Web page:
Learn about the different types of garage doors, how the operate and how to maintain them.
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There are three basic types of electronic garage doors: screw drive, chain drive, and belt drive. Most electronic systems are based on a ceiling-mounted electric motor, linked to the door through a mechanism that pushes or pulls the door closed or opens it. Another type of system, called torsion, does not need a chain, belt, or screw. And unlike other systems, a torsion-operated garage door does not require the overhead tracks and ceiling-mounted box.
Some systems can be added to existing doors, in which case it may not be necessary to purchase a new door. However, there may still be a need to modify the opening mechanism of the existing door in order to incorporate an electric opener, so if you are adding the electric system retrospectively, take the time to choose a design of opener that best suits your existing door. The systems illustrated here are for use with tilt-up doors, but there are other types available that work equally well with side-opening doors.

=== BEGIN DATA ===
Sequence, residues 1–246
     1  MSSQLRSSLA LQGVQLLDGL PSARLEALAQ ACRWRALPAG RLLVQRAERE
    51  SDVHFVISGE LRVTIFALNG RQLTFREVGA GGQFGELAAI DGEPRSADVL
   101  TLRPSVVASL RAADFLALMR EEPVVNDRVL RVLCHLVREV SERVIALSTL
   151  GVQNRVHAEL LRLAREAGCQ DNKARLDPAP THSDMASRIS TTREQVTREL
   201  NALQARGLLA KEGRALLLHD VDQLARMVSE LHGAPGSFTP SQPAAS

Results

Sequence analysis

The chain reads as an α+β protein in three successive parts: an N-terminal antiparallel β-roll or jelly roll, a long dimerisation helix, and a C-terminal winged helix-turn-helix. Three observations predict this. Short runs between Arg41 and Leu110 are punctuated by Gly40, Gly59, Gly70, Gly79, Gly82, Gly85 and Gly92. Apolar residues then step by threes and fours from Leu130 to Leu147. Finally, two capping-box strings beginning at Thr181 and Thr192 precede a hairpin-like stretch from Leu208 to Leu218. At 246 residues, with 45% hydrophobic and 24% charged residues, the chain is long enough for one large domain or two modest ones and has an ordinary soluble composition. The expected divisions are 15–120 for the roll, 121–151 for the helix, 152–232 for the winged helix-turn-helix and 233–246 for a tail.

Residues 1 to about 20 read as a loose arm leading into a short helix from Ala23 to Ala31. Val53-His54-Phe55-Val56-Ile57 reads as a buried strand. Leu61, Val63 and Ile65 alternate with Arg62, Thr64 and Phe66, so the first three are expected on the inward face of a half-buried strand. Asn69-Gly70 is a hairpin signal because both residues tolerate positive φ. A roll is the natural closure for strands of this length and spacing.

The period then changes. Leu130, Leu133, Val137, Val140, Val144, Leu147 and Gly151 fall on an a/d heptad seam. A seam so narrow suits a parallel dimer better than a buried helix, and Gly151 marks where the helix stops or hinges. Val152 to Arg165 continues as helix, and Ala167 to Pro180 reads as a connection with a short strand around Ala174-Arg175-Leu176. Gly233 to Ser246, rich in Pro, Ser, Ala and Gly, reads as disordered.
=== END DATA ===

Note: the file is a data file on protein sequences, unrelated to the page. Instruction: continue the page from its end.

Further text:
The motor is electrically operated and secured to the ceiling. A belt or chain held in the rail mechanism connects the motor with the door. Most motors are operated by remote control, and have safety devices that prevent the door from trying to close when obstructed. A 1/2 hp motor should lift most typical garage doors.
Automated Retractable Door
A typical installation for automating this type of door involves a central rail with a motorized belt or chain. This moves an arm, which in turn pulls the door up or pushes it down.
Like anything you use every day, you grow accustomed to counting on your garage door to function without problem. To keep your garage door running smoothly, tracks should be cleaned, rollers lubricated, and screws checked and tightened. Springs should not be rusty or have bulges. Also test your garage door's reversing feature monthly to make sure it is operating safely. For more information about garage doors and safety, visit the International Doors Association at www.doors.org.
Excerpted from Do It Yourself Home Improvement
© Dorling Kindersley Limited 2009
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